I quit Instagram. Big whoop!
For the past three months or so, I unintentionally tripped and pulled the plug on my online presence, went completely AWOL, on Instagram in particular which was (and still is) my main creative playground.
I think we can all agree my statement bears little to no shock value whatsoever. Generally speaking, a social media abstinence is not in the least bit concerning, and the last thing you could call it is harmful. Quite the opposite.
If embodied, I would imagine it as a swanky golden medal, hanging from our necks, dangling from side to side paired with a braggy, yet seemingly modest, smirk.
As it turns out, my intermission would prove to be less of a cause for pride, and more for concern. Aside from an unexpected physical health turmoil, it also brought forth something much bigger, far more dangerous – my [somewhat] silent anxiety festering inside eager to resurface.
Having been diagnosed with anxiety about two years ago, I’ve been in this fight for a while now, I thought I knew how to handle it. I’d usually silence it by working out, eating right, caring for myself, getting as creative as possible and avoid any sort of routine. This time though, it felt different. I was weak, it was powerful. I was numb, it was very much alive
Now, I admit, these sentences may come off as overly dramatic considering I’ve only mentioned Instagram so far (how very millenial of me). But bear with me, as I’ve many stifling, dusty layers left to unveil (why yes, I do imagine myself in a cabin by the lake, dramatically pulling white sheets from old furniture, all the while dancing in slow-mo to a very melancholic soundtrack. Heck, I even have an outfit picked out, but I’m gonna spare you the details).
To share or not to share?
I would have never described myself as an over-thinker or thorough planner. In spite of not being the most self-confident person, I’d found spontaneity oftentimes to be quite an ally – be that in school, life, decision making, relationships, etc.
Relying on my instincts and trusting my gut would feel empowering, exciting even. But I wouldn’t say I’d done it for the thrill of it, but rather because I’d always possessed a valid confidence in my emotional intelligence.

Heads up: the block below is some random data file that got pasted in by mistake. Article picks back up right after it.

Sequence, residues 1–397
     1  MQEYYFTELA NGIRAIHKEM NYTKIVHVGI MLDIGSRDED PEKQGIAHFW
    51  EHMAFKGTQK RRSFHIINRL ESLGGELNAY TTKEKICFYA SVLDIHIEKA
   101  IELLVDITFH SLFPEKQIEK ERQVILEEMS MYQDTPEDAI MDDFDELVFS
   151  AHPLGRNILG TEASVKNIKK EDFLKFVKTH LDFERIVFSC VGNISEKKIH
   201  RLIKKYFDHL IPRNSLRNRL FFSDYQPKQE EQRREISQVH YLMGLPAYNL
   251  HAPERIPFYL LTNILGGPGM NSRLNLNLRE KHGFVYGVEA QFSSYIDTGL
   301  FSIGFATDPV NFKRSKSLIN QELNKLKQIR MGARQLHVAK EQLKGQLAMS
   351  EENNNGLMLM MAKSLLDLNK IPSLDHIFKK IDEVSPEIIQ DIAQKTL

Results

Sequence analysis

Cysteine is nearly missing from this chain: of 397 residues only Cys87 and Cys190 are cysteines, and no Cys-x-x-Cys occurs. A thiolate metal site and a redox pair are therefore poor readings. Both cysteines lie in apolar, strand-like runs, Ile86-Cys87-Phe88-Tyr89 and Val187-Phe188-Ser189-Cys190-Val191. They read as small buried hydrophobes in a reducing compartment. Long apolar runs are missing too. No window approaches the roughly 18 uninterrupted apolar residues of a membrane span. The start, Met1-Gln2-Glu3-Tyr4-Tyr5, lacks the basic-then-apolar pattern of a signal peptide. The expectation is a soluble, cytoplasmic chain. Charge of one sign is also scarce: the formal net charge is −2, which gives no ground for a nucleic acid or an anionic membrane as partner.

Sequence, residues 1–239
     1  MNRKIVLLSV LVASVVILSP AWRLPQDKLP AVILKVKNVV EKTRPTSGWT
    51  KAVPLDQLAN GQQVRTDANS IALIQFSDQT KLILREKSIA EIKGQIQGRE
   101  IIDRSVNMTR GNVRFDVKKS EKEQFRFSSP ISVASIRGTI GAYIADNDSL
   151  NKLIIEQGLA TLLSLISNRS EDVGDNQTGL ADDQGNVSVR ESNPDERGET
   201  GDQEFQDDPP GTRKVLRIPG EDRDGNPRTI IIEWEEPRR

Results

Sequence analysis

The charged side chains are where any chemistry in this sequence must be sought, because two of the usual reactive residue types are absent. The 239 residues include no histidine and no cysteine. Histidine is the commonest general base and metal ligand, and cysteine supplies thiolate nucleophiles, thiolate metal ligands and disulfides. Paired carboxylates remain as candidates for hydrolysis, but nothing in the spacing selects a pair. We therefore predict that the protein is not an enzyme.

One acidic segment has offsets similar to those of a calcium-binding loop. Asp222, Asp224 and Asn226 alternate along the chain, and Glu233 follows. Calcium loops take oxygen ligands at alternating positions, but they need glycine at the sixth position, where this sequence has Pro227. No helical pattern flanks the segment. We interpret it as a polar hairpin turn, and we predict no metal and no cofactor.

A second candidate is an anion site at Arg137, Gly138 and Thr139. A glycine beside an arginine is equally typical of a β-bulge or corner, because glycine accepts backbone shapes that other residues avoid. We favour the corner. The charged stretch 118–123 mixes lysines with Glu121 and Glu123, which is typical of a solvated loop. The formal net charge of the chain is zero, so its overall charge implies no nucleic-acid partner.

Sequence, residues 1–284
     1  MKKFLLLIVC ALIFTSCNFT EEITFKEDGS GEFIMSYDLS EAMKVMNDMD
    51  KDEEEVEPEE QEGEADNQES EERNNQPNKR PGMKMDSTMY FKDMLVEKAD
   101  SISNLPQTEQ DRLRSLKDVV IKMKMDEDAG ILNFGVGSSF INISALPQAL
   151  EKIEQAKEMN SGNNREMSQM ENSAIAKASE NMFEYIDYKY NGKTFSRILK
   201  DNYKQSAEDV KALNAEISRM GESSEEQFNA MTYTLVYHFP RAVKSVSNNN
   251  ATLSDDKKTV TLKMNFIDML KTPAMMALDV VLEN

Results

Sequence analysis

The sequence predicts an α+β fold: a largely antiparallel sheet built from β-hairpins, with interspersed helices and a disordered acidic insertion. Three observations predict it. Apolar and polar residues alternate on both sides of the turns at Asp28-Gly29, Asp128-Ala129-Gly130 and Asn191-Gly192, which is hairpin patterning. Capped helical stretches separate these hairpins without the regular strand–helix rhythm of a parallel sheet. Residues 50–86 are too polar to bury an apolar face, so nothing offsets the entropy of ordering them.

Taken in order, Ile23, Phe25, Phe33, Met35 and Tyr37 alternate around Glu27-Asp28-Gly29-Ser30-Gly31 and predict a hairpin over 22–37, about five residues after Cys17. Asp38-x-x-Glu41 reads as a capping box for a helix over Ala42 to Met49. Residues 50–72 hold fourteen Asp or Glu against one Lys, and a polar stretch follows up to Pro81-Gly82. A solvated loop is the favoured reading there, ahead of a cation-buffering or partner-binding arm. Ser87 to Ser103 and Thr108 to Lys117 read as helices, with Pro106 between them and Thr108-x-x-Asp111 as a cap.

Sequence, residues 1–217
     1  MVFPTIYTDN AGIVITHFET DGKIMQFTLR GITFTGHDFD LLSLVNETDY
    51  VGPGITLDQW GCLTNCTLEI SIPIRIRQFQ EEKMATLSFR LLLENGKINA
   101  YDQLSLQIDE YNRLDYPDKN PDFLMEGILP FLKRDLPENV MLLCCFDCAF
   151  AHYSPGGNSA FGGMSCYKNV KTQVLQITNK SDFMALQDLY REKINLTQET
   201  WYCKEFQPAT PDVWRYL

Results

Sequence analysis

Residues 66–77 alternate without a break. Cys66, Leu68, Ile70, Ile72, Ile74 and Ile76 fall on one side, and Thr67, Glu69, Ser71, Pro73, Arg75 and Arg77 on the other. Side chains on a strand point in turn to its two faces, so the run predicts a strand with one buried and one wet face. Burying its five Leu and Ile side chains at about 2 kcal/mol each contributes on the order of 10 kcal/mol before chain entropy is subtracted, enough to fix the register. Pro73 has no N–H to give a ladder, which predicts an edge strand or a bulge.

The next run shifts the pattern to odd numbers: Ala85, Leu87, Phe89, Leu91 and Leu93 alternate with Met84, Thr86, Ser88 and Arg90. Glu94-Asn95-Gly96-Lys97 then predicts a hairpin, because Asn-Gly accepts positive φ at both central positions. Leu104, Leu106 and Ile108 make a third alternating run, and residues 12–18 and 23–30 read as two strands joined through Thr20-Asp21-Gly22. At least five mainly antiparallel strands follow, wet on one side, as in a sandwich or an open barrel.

But something happened over the course of these last couple of years, a silent shift that I’ve yet to identify both in terms of time as well as cause. I’ve become an unforgiving over-thinker, a doubter and a ruthless inquisitor of my every move or thought. I was unable to foresee the havoc it would wreak on a personal level, but all the more so on my work, my career path.
In fact, this blog is the perfect representation of the consequential marks gradually left on me; I’ve talked about doing it for months (which turned into literal years), went as far as quitting my job to fully dedicate myself to it, only to waste even more time on planning instead of doing, and leave it hanging after finally publishing just one post.
Heck, this article itself is yet another by-product of far too many overthinking sessions on whether my experience is worth sharing or not. This time though, I figured there’s far more good in me doing it, as opposed to simply not.
Influenced by a rather rational tendency to compare myself with others, it took me quite a while to understand that even though my narrative might not fit into a typical mold, that doesn’t make it any less valid. In other words, just because I struggle in areas where some may have it easy, that doesn’t/shouldn’t define me in my entirety.
So, I guess, this is me not giving under the chronic pressure of second-guessing myself for a change. From the sidelines, this may seem like nothing, but in my own personal grand scheme of things, it is absolutely HUGE (think Donald Trump’s ego HUGE).
Allowing myself to be this vulnerable is a pivotal point for building a sort of passage towards not only discovering but also calibrating my deepest fears with my long overdue plans and aspirations.
I’ve spent far too much time scribbling mental notes about how certain situations or people make me feel, and I’d sometimes garner enough courage to write it all down, thus facing my deepest thoughts, emotions and fears.